A further tribute to Trish Keenan, who died from pneumonia complications on 14th January.
In the fifties Jo Stafford was famous for her incredible pitching and the purity of her voice. Purity and pitch aren’t words that get used too often when describing modern singers, but Trish Keenan had the purest voice of her generation. The first time I heard it, so warm and hypnotic, I was hooked. Broadcast, hands down, were my favourite group of the last fifteen years.
Like a lot of people, I’ve been thinking about Trish for most of the weekend. I’ve been thinking about her beautiful voice, and how incredibly generous she was with her time and her knowledge.
Anybody who heard Broadcast and thought of Trish as an ice maiden, or aloof, wasn’t really paying attention. On stage she was often lost in concentration under her mane of hair, but I remember her giving a right mouthful to some leery lads giving her shit when they played at the Garage. Another time at Koko, she quietly mumbled “umm, it’s my birthday today” between songs – everyone spontaneously sang “Happy birthday, dear Trish” and she grinned her face off.
I met Trish when me and Pete Wiggs were trying to sign Broadcast to a shortlived EMI label in 1995, and we went to see them play in Birmingham for the first time. They let us stay over, we went to the their favourite balti house, and the next day we went second hand record shopping. It seemed like there was a whole spooked electronica scene (Broadcast, Pram, Plone, Novak) based around a video shop in Moseley; at least one member of each group seemed to work there. We drank a lot of tea and listened to lots of records.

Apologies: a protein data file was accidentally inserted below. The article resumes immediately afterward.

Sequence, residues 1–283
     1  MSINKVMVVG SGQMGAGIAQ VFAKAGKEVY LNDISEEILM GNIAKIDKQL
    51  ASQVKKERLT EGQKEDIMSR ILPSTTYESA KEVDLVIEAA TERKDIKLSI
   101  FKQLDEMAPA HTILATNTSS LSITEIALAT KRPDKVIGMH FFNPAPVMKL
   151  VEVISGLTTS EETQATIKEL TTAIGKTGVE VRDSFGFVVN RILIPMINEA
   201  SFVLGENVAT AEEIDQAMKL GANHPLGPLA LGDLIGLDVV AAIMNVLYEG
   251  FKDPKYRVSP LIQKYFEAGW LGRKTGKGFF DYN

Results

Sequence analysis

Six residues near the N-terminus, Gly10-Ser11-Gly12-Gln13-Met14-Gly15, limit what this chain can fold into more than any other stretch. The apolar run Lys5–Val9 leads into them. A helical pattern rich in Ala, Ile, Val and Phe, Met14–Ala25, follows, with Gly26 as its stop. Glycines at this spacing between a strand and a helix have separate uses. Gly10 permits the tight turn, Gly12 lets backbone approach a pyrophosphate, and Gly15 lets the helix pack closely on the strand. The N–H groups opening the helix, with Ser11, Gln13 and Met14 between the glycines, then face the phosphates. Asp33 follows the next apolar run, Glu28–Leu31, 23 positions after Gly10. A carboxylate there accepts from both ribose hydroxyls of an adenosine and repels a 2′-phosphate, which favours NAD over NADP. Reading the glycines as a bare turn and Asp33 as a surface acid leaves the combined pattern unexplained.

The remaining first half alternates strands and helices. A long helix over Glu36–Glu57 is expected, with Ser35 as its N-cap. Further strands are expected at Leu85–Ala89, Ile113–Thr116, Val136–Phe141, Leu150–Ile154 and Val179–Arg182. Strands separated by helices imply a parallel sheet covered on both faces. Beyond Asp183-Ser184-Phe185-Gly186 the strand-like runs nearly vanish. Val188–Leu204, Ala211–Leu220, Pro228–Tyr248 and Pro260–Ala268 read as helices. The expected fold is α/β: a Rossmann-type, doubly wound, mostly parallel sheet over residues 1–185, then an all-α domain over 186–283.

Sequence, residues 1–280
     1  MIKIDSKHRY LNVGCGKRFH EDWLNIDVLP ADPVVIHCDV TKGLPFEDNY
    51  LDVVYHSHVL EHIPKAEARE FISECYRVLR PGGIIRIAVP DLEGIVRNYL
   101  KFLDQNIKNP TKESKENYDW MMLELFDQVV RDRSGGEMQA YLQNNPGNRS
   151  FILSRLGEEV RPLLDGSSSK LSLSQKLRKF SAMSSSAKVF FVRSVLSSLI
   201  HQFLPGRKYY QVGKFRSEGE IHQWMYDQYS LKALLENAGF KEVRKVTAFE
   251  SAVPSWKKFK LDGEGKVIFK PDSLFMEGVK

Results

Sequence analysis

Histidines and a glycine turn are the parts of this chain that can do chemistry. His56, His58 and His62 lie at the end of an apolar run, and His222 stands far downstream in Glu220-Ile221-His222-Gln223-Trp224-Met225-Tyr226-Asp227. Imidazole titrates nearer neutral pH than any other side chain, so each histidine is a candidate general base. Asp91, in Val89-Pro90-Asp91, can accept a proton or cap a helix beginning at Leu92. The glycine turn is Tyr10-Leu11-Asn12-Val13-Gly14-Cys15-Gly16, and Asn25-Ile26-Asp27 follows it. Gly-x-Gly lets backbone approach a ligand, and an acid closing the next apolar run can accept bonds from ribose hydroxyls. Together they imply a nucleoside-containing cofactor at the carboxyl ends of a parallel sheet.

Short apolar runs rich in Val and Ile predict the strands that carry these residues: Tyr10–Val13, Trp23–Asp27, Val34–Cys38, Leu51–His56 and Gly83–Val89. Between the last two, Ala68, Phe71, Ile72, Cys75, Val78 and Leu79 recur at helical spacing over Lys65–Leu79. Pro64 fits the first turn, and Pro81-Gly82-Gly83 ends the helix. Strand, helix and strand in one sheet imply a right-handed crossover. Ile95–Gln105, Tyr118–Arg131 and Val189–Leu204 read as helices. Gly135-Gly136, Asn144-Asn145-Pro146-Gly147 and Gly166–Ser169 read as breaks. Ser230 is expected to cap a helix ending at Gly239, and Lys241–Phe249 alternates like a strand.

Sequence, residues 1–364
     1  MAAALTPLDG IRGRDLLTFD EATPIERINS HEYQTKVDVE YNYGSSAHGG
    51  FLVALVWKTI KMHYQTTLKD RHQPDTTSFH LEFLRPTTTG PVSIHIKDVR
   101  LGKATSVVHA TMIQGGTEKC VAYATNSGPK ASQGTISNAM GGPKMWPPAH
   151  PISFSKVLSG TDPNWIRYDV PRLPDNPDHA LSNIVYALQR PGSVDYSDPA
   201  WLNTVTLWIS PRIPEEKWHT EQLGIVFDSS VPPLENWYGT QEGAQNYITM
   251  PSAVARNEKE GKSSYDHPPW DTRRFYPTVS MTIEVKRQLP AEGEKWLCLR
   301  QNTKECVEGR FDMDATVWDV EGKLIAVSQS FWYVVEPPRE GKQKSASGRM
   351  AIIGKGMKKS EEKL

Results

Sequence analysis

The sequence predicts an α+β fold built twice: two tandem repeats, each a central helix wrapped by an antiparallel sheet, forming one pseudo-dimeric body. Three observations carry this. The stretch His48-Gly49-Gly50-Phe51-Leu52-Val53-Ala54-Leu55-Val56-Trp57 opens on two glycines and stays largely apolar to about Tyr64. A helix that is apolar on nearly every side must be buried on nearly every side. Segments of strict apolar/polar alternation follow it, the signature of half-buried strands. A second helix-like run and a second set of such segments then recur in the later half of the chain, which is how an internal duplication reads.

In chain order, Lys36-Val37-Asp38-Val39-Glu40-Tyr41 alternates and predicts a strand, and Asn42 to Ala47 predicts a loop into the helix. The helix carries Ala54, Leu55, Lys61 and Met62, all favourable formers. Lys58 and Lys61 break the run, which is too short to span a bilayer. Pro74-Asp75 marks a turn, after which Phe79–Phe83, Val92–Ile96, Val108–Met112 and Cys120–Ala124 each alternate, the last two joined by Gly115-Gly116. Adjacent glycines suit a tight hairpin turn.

Trish and James put me onto so much over the years, sending me mini discs (possibly the only other people in Britain still using them) of Carl Orff, Basil Kirchin’s Abstractions Of The Industrial North, stuff I knew nothing about which blew my mind. Talking to Trish about Delia Derbyshire, she’d point out that Daphne Oram was the *really* important woman at the Radiophonic Workshop and stick on an early 60s EP of Oram’s music for primary school children to prove it. After sharing a love of the Czech folk fairy tale film Valerie And Her Week Of Wonders, out of the blue Trish sent me a video of Milos Forman’s Loves Of A Blonde. I don’t remember swapping being an issue, it was all one way; she was just very kind.
As attuned to pop and melody as she was to experimentalism, Trish wrote some beautiful lyrics: Come On Let’s Go is a declaration of romantic independence (“what’s the point in wasting time on people that we’ll never know?”); Tears In The Typing Pool is a small town, small romance break up song of terrible sadness (“The letters are sighing, the ink is still drying/I told you the truth and now I sigh too”); Before We Begin an inspiring manifesto of winking hope (“So here we are again, back to the beginning/So the salt will spill again, throw it over your shoulder”).
Trish and James were an amazing couple; working and living together, Broadcast was their lives and, shamefully, they seemed permanently hard-up. America understood them better and they played shows there that, relatively, were three or four times as big as ones they played in Britain. Marc Jacobs certainly loved Broadcast and provided Trish with a wardrobe of fineries – she might have had beans on toast for tea, but she was the best dressed girl in Birmingham.
It goes without saying that Trish’s passing is a terrible loss for music. She was also a truly beautiful person, one of the most open and friendly people I’ve ever met. It is heartbreaking. My thoughts are with James, Broadcast’s manager Martin, and Trish’s family.
Bob Stanley is a writer and a founder member of Saint Etienne.